When you seek something out, you will find it. When searching for information, don’t only research what you already believe to be true, research evidence to disprove it.
Availability Bias In Trading: Trading Cliches
Consider these trading cliches you hear often: the trend is your friend, let your profits run, keep your losses small, only take trades with a good risk/reward ratio.
If you read financial news or watch a financial news network you’ll hear at least 50 trading cliches a day. They sink into your head without you even realizing it. You hear them so often that they slip into your subconscious unquestioned, lying dormant until one it pops up to sabotage your trading plan.
I always take my profits using a pre-determined and calculated method. That’s my strategy, it works for me and I stick to it. But occasionally the idea pops into my head “let the profit run.” If I listen to the voice, sometimes I may end up with a larger profit, other times a smaller profit. But that is not the point. “Let the profit run” is unquantifiable, un-testable, and only serves to deviate me from my plan. It doesn’t tell me where to get out, when to get out, how long I let it run (till it turns into loss???) or what criteria I should use to eventually exit. It is advice that is highly available, but creates a bias under which the parameters of your trade go from known to unknown.
Some of these cliches may have good advice hidden within them, but only when applied to a personal context, in a planned way. If I notice that my profits are getting smaller, I may choose to revise my system to try to capture larger profits. But such changes need to undergo a testing phase, whereas simply deciding arbitrarily to let a profit run is untested, undisciplined, and irresponsible.
Very often we fall prey to the information that is most readily available, but which isn’t in our best interest at the time.
Overcoming Availability Bias In Trading
It is impossible to rid ourselves of all availability biases in our lives–I am writing this under the influence of biases.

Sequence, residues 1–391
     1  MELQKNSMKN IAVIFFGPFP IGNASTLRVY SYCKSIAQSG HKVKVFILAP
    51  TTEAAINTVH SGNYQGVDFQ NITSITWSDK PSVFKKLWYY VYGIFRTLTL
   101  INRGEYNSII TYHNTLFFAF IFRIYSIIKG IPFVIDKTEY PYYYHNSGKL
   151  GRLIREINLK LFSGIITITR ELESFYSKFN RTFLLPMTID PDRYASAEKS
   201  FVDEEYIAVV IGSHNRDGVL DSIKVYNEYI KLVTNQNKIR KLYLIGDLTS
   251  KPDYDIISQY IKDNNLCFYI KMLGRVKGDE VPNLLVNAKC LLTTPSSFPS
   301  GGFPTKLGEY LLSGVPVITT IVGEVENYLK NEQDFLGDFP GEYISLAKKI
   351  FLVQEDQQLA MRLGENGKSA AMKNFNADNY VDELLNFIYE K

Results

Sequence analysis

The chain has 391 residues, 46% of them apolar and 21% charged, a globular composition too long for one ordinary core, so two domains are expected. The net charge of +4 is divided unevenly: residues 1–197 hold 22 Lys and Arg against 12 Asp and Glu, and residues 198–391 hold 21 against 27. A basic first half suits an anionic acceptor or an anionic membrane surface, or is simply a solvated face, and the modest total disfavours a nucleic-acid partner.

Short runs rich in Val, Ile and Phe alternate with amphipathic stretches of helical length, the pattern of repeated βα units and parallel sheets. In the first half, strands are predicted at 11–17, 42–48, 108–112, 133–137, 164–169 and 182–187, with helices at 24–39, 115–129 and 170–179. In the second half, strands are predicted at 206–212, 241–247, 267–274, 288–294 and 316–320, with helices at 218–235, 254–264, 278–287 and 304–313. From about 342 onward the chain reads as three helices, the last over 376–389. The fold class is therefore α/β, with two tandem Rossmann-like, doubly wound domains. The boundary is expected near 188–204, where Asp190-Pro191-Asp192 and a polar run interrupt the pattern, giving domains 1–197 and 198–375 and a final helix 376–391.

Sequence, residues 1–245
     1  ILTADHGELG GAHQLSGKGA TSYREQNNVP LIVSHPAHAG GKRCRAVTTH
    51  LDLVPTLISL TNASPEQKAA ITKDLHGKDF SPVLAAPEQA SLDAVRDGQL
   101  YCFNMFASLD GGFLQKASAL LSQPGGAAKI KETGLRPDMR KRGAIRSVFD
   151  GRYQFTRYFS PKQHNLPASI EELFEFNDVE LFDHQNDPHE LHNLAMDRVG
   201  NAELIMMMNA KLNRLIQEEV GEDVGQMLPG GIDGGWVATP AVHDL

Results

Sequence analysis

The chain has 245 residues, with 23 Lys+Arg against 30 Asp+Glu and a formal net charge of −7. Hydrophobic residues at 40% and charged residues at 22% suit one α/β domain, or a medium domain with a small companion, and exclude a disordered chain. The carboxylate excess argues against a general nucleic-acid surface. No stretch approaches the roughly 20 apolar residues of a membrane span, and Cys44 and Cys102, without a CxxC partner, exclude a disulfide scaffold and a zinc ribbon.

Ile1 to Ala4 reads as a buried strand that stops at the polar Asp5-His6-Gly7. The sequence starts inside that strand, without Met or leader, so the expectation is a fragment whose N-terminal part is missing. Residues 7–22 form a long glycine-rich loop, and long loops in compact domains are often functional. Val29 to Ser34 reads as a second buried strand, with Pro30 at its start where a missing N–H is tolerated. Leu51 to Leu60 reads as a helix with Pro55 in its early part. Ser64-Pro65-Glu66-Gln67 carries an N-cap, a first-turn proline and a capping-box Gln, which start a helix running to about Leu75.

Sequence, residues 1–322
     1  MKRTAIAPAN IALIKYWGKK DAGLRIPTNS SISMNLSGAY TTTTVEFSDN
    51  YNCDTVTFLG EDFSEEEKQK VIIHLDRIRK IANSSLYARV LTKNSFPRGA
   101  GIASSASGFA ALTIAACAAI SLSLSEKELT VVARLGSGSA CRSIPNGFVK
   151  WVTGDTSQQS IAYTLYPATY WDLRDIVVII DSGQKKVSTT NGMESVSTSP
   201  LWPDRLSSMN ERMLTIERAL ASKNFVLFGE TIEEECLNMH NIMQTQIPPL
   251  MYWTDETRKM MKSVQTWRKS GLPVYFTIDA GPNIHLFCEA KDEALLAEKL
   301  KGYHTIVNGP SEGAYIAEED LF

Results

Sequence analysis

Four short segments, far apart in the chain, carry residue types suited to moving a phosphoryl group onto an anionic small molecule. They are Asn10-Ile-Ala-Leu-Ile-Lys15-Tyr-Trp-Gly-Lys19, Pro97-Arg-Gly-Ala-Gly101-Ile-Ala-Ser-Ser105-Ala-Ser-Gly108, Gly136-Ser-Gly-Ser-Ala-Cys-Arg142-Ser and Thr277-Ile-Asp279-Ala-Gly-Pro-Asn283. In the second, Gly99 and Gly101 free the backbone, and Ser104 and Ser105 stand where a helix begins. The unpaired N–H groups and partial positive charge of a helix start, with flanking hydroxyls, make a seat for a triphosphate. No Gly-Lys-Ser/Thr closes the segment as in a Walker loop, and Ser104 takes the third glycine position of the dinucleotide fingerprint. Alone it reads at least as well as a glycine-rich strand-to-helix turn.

In order to function and not go completely crazy we need to draw conclusions quickly, and sometimes that means trusting something or someone without verification. Plus, there isn’t enough time to verify everything we see or hear.
In trading though, an availability bias can hurt you and take your money. This is why developing your own personal trading style is important. You may use someone else’s strategy as a template, but you have to thoroughly understand it–its advantages and disadvantages–and then make it your own by customizing it to your personality, tendencies, lifestyle, resources, risk tolerances, and time frame (see Find the Right Trading Mindset–Dependent or Independent).
If you find you are being sabotaged by other people’s opinions on the market, or some cliche you keep reading in books, the best solution is to avoid that which is sabotaging you. If you find it hard to focus on your strategy while all the talking heads on CNBC are providing their opinions, then don’t watch CNBC. After all, you don’t need to watch the news to be a good trader.
Don’t rely on what you see or hear, regardless of the source. Try it out for yourself, verify it, and then work out ways to implement it. This is why I recommend all traders spend at least several months in a demo account when learning the strategies discussed on this site. You need to learn how YOU can implement them. It is likely that you and I are very different people, see the world in different ways, and may interpret information in different ways. What I do works for me, and if you opt to use my methods it is up to you to make them work for you.
Remember, just because you see something a lot does not mean it is what is best for you, or even true.
At the start of the article, I indicated that the availability bias can be linked to bubbles. You may understand how that is possible now based on a few of the examples. If not, you can read more about it here: Why Most Traders Lose Money and Why the Market Requires It
If you have encountered availability biases that affect your trading, share them in the comments.
By Cory Mitchell, CMT
If you want help with your trading, consider reading the Forex Strategies Guide for Day and Swing Traders 2.0 ebook.